HARTFORD, CT – Lawmakers from the Naugatuck Valley argued Monday for more state funding for the Waterbury branch line of the Metro-North Railroad.
The economic fate of the area is somewhat dependent on increasing commuter traffic along the line.
The state is already in the process of an approved $90-million project to install signalization, positive train control, and sidings on the pre-existing single branch line between Waterbury to Bridgeport. The work on this leg of the project is expected to be completed within a year.
“This line is working in the dark ages,” Sen. Joan Hartley, D-Waterbury, said. “Frustrations in planning a commute, to get to work or an appointment, and people cannot depend on reliable service.”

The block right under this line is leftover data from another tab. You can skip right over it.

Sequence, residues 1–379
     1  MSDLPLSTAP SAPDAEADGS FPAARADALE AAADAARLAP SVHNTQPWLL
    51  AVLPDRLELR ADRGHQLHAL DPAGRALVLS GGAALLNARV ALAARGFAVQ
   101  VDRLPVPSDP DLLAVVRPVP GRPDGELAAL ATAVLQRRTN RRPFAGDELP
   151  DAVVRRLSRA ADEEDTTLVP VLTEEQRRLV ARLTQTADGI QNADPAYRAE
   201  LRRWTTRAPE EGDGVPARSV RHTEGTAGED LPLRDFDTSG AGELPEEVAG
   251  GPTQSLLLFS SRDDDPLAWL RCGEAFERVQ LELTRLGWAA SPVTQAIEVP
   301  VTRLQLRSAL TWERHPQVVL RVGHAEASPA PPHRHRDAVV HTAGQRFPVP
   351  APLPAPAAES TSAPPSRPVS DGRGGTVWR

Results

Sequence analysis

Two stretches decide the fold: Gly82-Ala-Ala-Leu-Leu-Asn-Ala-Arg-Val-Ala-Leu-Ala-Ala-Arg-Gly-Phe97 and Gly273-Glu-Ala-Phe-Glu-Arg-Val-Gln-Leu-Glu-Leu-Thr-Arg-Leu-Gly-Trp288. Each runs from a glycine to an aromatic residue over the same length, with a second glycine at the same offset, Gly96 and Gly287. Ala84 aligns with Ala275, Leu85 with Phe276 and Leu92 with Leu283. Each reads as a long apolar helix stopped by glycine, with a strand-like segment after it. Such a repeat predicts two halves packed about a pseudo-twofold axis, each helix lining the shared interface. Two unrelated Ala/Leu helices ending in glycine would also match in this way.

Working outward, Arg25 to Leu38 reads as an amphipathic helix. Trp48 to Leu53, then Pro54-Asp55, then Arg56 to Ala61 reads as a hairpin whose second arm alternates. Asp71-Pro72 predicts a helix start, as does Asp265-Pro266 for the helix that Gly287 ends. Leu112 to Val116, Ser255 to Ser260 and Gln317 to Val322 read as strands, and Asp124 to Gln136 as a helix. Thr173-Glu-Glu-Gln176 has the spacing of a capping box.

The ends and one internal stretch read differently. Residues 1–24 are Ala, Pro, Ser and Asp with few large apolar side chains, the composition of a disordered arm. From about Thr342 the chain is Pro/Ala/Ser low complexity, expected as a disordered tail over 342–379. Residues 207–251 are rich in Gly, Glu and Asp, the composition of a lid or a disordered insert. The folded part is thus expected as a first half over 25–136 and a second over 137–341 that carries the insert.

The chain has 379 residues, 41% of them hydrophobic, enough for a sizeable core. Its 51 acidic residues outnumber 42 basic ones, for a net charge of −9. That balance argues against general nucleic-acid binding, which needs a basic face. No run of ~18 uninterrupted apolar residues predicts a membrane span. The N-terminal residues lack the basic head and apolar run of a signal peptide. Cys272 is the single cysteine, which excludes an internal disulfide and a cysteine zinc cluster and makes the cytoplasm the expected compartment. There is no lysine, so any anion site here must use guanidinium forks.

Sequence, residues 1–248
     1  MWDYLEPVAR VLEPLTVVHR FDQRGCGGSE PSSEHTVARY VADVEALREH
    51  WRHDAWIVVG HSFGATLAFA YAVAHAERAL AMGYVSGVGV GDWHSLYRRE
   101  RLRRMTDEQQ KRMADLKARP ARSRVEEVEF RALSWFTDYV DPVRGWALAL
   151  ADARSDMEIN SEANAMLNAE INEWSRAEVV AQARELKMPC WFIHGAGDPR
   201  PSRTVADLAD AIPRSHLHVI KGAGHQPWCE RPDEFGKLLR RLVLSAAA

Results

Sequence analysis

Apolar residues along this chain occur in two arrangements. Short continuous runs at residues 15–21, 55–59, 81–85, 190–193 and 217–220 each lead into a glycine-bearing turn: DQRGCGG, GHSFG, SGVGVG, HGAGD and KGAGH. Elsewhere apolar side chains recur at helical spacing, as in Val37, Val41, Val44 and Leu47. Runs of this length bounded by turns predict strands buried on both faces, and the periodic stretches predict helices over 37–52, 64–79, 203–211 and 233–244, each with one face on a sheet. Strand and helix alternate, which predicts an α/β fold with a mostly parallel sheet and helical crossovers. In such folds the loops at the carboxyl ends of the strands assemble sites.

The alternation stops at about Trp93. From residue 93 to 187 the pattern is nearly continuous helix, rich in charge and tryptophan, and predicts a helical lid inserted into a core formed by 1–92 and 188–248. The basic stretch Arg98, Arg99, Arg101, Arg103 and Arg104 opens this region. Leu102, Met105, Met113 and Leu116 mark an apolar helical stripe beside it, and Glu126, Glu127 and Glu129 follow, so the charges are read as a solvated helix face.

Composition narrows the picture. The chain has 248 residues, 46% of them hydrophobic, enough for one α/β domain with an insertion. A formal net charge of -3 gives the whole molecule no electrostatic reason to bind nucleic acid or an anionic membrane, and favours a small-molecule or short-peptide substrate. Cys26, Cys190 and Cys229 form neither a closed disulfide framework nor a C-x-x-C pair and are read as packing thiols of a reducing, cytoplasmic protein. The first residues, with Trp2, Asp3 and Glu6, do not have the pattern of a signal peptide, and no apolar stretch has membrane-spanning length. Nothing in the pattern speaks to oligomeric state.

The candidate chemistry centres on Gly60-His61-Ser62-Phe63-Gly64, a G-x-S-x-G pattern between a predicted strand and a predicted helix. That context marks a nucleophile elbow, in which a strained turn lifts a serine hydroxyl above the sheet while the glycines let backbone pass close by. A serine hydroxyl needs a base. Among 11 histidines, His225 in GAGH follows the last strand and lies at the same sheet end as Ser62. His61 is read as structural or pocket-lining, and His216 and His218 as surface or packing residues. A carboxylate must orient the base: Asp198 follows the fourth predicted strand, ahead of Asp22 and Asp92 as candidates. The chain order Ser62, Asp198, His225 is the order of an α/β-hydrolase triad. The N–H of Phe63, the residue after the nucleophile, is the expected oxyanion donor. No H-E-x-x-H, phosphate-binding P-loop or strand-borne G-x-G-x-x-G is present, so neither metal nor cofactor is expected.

Waterbury officials and lawmakers estimate the rail line will need an additional eight locomotives and 24 rail cars in order to meet the line’s long term service needs. “We need modern, clean, efficient rail and locomotive cars that can bring our people back and forth,” Waterbury Mayor Neil O’Leary, said.
Naugatuck Mayor Pete Hess said an increase in the number and reliability of train carriages would lead to a ‘gold rush’ of development opportunities for towns along the Valley.
“In Naugatuck Valley, within one-and-a-half miles of every train station, we have 275 acres of land just waiting to be developed,” Hess said.
But Department of Transportation Commissioner Joseph Giulietti declined to commit to additional funding. He told the Transportation Committee Monday that he’s aware of the sentiment from Naugatuck Valley officials.
O’Leary explained that without more trains commuters fear missing one. He said you have to wait two hours or more for the next train if you miss one.